The following article first appeared in the Witnessing Tips column of the Christian Research Journal, volume 16, number 1 (1993). For further information or to subscribe to the Christian Research Journal go to: http://www.equip.org

Islam has as many branches and sects as Christianity. The two major ones are the Sunnis and the Shias. They split over the issue of apostolic succession. When Islam’s founder Muhammad died unexpectedly in A.D. 632, he had left no arrangement for a successor. His followers divided into two camps. The Sunnis were those who thought the leader should be elected democratically from among his closest followers, and the Shias were those who thought the leaders should be related to Muhammad. Perhaps 85 to 90 percent of all Muslims would call themselves Sunnis. We will consider witnessing to Sunnis in this installment, and in Part Three we will turn our attention to the Shias.

The word Sunni comes from the Arabic Sunnah, which simply means “the trodden path,” or “tradition.” In the Islamic context, it means someone who follows the exemplary pattern of conduct established by Muhammad, believed to be the model for all humankind.

Since Muhammad was just one solitary man, confined to a slice of time in seventh century Arabia, he could not foresee the problems Islam would face in its rapid expansion into other lands. His followers — who were imbued with Muhammad’s obsession with law — had to devise new laws based on their understanding of what Muhammad would have done, if he had remained among them. This process took almost two hundred years and resulted in the formation of Islamic or Shariah Law.

A Sunni, then, is a person who believes that the true way of life is to attempt to keep the laws of Islam (Shariah) derived from the Qur’an and the other collected sayings of Muhammad. For this person, paradise is the reward of those whose good deeds outweigh their bad on the day of judgment. With such a Muslim believer, there are two evangelistic approaches that can be used: to show the futility of the idea of salvation by law, and to show the inadequacy of Muhammad’s life as a model for all humankind. Both approaches ultimately lead to the person and work of Jesus Christ.

Muhammad, in his obsession to discover and execute the will of God, set in motion a movement that resulted in a wild proliferation of laws attempting to cover every facet of life. By borrowing from the Egyptians the idea that God would weigh our good deeds against our bad deeds in a balance scale on the day of judgment, he betrayed a lack of understanding of the function of law. The law does not save; it condemns.

Christians can begin by complimenting the Muslim on his or her zeal to keep the law of God as he or she understands it, but then we must go on to show that the law has the ultimate function of showing us where we failed. As Paul wrote, “the letter [law] kills, but the Spirit gives life” (1 Cor. 3:6). Our Muslim friends also need to be disabused of the idea that 51 percent performance is good enough to obtain salvation. Show them what James wrote: “For whoever keeps the whole law and yet stumbles at just one point is guilty of breaking all of it” (James 2:10). To this could be added Paul’s words in Romans 3:20, “Therefore no one will be declared righteous in his sight by observing the law; rather through the law we become conscious of sin,” and in Galatians 3:24, “The law was put in charge to lead us to Christ that we might be justified by faith” (Gal. 3:24). This then leads on to a discussion about Christ. And this discussion can be based on materials from both the Qur’an and the Scriptures.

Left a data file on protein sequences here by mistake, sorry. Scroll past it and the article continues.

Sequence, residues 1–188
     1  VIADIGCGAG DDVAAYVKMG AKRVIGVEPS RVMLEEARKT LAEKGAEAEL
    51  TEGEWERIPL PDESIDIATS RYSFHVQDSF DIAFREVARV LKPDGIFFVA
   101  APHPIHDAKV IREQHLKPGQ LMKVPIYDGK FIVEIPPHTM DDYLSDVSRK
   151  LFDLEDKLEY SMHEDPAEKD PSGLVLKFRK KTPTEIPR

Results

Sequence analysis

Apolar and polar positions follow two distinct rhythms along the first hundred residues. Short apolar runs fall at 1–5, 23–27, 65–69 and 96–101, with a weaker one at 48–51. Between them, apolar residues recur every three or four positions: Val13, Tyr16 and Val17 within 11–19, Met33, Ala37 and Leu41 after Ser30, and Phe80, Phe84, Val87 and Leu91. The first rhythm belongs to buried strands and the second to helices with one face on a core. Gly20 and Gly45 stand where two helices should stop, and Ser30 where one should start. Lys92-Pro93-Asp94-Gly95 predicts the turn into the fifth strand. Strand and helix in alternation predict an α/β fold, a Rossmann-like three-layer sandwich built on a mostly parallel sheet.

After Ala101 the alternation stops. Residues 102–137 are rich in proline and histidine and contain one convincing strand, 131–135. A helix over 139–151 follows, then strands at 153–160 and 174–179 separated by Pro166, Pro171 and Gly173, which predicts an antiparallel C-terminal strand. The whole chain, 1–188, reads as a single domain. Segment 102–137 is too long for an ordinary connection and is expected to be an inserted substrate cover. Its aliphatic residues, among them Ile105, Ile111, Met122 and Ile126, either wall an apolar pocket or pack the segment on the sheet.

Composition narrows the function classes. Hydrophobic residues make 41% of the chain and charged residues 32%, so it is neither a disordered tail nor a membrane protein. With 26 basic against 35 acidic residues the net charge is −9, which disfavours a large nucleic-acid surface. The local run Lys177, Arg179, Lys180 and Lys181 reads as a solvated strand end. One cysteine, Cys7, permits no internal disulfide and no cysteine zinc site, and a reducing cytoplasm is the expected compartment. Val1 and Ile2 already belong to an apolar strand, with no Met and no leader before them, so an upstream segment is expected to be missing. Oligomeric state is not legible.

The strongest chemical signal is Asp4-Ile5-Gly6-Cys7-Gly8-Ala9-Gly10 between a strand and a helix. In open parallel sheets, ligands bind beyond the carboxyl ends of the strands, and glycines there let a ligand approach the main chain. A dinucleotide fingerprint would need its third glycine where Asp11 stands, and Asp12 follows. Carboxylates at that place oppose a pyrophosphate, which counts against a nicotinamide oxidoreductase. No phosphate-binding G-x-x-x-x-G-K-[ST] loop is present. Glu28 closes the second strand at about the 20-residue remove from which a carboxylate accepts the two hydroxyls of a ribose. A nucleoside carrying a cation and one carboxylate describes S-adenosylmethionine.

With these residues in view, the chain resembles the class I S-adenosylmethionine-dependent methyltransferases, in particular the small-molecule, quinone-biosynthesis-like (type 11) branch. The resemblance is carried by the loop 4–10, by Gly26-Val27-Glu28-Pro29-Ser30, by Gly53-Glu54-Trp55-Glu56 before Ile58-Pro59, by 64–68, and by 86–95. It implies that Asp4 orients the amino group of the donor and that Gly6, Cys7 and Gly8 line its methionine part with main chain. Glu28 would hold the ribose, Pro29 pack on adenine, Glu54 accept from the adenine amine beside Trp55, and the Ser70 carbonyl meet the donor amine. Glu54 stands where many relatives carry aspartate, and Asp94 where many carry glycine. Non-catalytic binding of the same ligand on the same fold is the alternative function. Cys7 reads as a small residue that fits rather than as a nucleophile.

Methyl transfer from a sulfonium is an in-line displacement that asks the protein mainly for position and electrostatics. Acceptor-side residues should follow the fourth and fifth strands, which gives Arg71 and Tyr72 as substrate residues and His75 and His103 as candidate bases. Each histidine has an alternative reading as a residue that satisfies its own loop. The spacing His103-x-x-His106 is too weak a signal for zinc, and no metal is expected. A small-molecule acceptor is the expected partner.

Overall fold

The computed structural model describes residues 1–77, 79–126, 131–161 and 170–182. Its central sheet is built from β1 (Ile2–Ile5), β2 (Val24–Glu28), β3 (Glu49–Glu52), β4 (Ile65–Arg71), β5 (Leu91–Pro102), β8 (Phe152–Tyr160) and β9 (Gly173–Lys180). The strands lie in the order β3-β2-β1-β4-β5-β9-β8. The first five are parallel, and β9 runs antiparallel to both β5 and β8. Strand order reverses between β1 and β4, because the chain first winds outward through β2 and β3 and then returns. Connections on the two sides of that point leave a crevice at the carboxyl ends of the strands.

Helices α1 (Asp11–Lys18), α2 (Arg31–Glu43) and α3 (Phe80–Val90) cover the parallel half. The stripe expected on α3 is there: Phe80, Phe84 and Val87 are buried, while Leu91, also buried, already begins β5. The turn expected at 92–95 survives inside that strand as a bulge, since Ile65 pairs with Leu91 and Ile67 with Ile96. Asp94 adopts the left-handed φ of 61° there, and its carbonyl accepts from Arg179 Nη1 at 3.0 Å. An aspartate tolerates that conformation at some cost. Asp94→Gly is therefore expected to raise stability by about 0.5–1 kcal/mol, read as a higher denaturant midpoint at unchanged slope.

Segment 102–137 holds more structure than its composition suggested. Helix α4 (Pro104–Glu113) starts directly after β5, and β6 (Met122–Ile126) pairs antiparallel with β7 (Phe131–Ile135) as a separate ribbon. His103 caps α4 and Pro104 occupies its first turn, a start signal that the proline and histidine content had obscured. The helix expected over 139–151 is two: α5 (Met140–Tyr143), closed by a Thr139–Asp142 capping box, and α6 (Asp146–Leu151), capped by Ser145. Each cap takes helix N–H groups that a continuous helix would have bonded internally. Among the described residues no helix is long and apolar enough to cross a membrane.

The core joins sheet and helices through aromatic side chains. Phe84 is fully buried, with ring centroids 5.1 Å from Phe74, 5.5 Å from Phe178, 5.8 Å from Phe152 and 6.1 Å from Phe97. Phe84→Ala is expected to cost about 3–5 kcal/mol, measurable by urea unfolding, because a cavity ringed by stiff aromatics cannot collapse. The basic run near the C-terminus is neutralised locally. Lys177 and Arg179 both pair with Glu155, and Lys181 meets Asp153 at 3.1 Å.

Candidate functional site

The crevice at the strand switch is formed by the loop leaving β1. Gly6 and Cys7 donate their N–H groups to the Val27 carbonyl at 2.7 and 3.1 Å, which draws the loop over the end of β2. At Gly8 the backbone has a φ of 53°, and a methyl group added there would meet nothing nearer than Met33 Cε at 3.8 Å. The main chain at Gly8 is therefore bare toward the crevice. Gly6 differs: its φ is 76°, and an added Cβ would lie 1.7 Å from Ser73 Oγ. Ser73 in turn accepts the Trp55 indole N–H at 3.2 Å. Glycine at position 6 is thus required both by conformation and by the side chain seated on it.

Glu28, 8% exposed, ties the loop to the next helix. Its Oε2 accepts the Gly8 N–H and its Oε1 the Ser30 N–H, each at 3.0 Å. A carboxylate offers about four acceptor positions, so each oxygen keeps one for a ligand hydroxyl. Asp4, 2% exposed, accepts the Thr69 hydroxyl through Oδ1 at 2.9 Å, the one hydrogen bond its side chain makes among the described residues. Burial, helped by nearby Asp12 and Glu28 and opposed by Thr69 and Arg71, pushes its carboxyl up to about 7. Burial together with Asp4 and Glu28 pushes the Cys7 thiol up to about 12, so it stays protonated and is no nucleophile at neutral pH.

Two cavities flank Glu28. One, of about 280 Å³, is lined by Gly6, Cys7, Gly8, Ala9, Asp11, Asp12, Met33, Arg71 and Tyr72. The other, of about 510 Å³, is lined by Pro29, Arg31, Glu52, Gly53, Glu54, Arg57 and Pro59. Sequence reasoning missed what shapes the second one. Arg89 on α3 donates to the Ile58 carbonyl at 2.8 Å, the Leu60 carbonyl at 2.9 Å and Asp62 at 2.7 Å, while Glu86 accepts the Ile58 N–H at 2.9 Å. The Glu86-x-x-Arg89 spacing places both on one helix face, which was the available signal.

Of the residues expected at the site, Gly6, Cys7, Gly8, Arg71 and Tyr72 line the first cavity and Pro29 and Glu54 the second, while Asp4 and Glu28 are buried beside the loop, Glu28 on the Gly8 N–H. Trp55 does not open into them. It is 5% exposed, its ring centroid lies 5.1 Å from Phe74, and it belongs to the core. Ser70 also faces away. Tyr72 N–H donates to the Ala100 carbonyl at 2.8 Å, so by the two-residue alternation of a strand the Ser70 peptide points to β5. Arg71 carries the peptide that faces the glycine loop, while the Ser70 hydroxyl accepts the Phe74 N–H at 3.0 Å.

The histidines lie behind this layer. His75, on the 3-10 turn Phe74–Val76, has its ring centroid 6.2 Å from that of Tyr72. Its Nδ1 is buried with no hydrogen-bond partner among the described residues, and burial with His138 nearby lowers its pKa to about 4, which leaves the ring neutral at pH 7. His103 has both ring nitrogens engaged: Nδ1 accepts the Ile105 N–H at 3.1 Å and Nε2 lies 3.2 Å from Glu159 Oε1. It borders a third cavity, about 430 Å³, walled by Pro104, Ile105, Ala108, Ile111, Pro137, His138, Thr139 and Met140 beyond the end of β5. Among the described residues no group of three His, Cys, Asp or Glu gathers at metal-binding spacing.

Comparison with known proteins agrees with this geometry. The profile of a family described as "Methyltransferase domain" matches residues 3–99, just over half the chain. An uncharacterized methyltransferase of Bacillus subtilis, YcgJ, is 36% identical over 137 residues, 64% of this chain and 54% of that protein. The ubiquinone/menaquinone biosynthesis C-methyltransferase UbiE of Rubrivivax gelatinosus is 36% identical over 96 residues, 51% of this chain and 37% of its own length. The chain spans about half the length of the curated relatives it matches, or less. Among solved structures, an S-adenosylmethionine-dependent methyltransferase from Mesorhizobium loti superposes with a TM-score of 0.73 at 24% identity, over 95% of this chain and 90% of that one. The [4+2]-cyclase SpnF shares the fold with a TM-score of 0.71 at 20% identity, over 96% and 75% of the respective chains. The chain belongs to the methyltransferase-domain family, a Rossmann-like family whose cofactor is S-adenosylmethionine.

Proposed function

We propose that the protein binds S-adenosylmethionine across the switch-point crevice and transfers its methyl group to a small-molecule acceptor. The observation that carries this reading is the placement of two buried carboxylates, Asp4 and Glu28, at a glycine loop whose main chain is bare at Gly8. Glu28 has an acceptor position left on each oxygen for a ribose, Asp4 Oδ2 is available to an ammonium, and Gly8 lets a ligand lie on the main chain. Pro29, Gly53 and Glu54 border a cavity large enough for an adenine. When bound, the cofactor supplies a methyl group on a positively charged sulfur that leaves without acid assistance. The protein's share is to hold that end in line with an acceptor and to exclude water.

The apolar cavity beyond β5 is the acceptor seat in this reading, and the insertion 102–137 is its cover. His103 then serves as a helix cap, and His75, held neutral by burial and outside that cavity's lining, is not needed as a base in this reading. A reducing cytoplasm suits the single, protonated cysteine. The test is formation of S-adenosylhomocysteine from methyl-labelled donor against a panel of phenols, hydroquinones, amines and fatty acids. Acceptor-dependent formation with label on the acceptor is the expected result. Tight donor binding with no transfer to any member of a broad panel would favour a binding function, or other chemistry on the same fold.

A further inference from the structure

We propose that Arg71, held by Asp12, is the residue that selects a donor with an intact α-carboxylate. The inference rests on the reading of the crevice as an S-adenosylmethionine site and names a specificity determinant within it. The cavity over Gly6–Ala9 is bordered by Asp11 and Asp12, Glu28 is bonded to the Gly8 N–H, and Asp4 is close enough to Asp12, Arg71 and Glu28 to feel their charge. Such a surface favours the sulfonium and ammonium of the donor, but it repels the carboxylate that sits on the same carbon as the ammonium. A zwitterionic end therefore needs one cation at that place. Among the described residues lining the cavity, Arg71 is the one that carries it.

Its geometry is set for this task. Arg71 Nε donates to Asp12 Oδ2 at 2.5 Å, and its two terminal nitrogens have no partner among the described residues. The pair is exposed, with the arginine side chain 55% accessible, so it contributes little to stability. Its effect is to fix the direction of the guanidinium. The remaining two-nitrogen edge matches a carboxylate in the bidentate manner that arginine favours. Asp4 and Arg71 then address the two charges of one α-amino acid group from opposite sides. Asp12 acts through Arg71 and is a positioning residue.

In Qur’an 7:158, Muhammad asked people to follow him. Elsewhere in the Qur’an, Muhammad testified that Jesus was among those nearest to God, held in honor in this world and the hereafter (Qur’an 3:45). Muslims understand this to mean that Jesus was sinless and all-righteous, something that the early Muslims never claimed for Muhammad. In fact, in several Qur’anic passages (16:61; 40:55; 42:5, 30; 47:19; 48:1-2) we read that Muhammad was exhorted to seek forgiveness for his faults, that not a single living creature would be left on earth if God punished everyone for their wrongdoing, and that one of Muhammad’s military victories served as an assurance of forgiveness of his sins, past and future. It is pointless for Muslims to argue for Muhammad’s sinlessness or to compare him to Jesus, whom Muslims consider to be both sinless and alive in heaven, near to God right now. The contrast could be more sharply drawn by pointing out that Muhammad’s grave is in Medina today, whereas Christ is alive in heaven with God.

In the Qur’an (2:253; 3:45-49; 4:158, 171; 5:49; 19:33; 89:22) it is noted that Jesus was called the Messiah; He was born of a virgin; He was among the righteous ones — those nearest to God; He received strength from the Holy Spirit; He could give sight to the blind, cure lepers, and raise the dead; He prophesied His own death and resurrection; He was called a Word from God and a Spirit from God; and finally, He is coming back with thousands of angels to judge the world. All these characterizations add up to a powerful picture of a Christ who was more than a prophet, and — on Qur’anic terms alone — superior to Muhammad.

From this point on, it is up to the Christian witness to lead the Muslim friend into a study of biblical material on the person and nature of Christ. One suggestion would be to start with John 1:1-14, where Jesus is set forth as the eternal Word of God, an idea Muslims implicitly accept. Then go on to show the purpose of God for Him in becoming a man: to carry out the will of God in accomplishing the salvation of lost humankind, who would not be saved by the law, either Islamic or Mosaic.

MENU